176 Rethinking model-based inquiry in terms of weather and climate computer models

Monday, 24 January 2011
Washington State Convention Center
Morgan Brown Yarker, University of Iowa, Iowa City, IA; and C. Forbes

As atmospheric scientists, we depend on Numerical Weather Prediction (NWP) models. We use them to predict weather patterns, to understand external forcing on the atmosphere, and as evidence to make claims about atmospheric phenomenon. Therefore, it is important that we adequately prepare atmospheric science students to use computer models. However, the public should also be aware of what models are in order to understand scientific claims about atmospheric issues, such as climate change. Although familiar with weather forecasts on television and the Internet, the general public does not understand the process of using computer models to generate a weather and climate forecasts. As a result, the public often misunderstands claims scientists make about their daily weather as well as the state of climate change. Since computer models are the best method we have to forecast the future of our climate, scientific models and modeling should be a topic covered in K-12 classrooms as part of a comprehensive science curriculum.

Inquiry is a recommended approach to teaching science content that involves students taking part in the scientific processes of generating questions, designing experiments, gathering evidence and making claims about science concepts. Model-based inquiry practices involve students learning about concepts through explicit use of scientific models; which means creating, critiquing and modifying models that the students construct. Recent research indicates that students who create their own scientific models have better understanding of a concept than students who use pre-constructed models because it allows them to see 1) how and why the model works as a representation and 2) the predictive power of models. For the purpose of model-based inquiry, a model is generally defined as “representation that abstracts and simplifies a system by focusing on key features to explain and predict scientific phenomena” (Schwarz et al., 2009). Based on this definition, model-based inquiry includes a variety of model types. Some examples of scientific models include Bohr's model of the atom, DNA's double helix, photon energy, and wavelength energy. Although these kinds of models are different than NWP models, there are parallels; specifically, we can use both kinds of models to represent an otherwise complex phenomenon and well as predict outcomes. Generally, the predictive power of models is not emphasized, so outcomes of numerical weather prediction models are not clearly understood. Hence without exposure to the concept of modeling, we cannot expect them to understand, let alone reason about, scientific claims such as the future of climate.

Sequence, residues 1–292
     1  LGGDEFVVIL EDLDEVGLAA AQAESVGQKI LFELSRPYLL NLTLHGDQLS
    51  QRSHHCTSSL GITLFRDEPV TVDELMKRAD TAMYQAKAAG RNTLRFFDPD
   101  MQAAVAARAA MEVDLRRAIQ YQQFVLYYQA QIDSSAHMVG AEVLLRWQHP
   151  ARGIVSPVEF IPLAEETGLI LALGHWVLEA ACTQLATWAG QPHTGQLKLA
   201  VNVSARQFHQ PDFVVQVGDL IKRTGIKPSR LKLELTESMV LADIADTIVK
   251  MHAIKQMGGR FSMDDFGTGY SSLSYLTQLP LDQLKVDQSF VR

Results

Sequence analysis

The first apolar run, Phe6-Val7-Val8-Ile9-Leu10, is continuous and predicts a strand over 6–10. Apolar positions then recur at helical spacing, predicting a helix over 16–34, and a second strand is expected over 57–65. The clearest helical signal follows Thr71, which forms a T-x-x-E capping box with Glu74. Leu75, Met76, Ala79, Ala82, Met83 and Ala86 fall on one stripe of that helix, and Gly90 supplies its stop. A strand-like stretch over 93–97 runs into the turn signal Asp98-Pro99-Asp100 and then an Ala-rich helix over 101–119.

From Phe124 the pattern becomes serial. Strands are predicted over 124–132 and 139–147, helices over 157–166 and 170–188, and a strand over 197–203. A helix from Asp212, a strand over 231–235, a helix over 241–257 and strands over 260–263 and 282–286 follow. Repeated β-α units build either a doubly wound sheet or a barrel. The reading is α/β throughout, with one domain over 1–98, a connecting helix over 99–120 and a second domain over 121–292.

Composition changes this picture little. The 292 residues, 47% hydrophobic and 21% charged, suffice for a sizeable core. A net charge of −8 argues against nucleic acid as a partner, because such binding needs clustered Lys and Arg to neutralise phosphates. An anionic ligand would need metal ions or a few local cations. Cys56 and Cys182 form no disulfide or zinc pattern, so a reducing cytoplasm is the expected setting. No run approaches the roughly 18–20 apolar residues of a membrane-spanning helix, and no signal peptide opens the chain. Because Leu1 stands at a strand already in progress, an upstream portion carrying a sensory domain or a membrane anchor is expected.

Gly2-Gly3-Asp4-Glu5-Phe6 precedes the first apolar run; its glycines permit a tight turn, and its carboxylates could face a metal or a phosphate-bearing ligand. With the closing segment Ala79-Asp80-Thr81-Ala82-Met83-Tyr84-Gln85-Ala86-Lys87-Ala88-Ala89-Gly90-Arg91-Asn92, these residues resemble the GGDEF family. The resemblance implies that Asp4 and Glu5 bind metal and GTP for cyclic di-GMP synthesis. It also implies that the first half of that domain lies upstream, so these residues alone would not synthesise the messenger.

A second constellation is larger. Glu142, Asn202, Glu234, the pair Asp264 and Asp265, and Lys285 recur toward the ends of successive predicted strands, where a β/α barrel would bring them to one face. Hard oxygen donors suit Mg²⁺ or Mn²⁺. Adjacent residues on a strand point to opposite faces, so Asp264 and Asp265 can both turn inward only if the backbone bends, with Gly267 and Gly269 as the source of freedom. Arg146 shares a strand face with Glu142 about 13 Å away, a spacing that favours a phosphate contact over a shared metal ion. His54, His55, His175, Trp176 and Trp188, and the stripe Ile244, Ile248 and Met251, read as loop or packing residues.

The implementation of a model-based curriculum in the science classroom can be an effective way to prepare students to think critically, problem solve, and make informed decisions as a contributing member of society. Additionally, using model-based inquiry in the form of NWP requires the use of technology in the science classroom, which can also be a useful tool to initiate conceptual growth. Following reform approaches to teaching science, such as constructivist learning theory, computer simulations can be implemented into science classrooms so long as they are not a “step-by-step cookbook” approach. An effective way to help students understand computer models is to begin with helping them create and develop representations of their own conceptual models. In a recent study, a learning progression is developed to describe progressing levels of complexity students' use when representing conceptual models visually. The authors argue that as students become more familiar with developing visual representations of their conceptual understanding of a phenomenon, their constructed models become more complex. As a result, students not only have a better understanding of the science concept, they also have a better understanding of how scientific models are developed, their usefulness, and limitations.

The goal of this project is to take what we already know about using models as a learning tool in the science classroom and apply it to the world of computer modeling. To do this, a professional development course for middle school teachers will be developed to help teachers implement model-based inquiry into their already existing weather and/or climate units. The ultimate goal is to help the teacher participants understand how NWP models work and why they are important to the scientific community so that they have the tools to incorporate NWP models into their current teaching methods. We will accomplish this goal by incorporating content, hands-on activities, and application of content. Specifically, teachers will learn about atmospheric models from professional atmospheric scientists, gain further understanding of models through age-appropriate hands-on activities (that can be used in their own classrooms if they choose), and participants will be responsible for working with a partner to develop units for their classrooms. Having the teachers develop their own unit provides them with time throughout the course to reflect on the new material as well as have a plan of action for implementing NWP models into their own classrooms when the professional development is over. The format of this course has been developed through a review of literature on effective professional development practices in science education.

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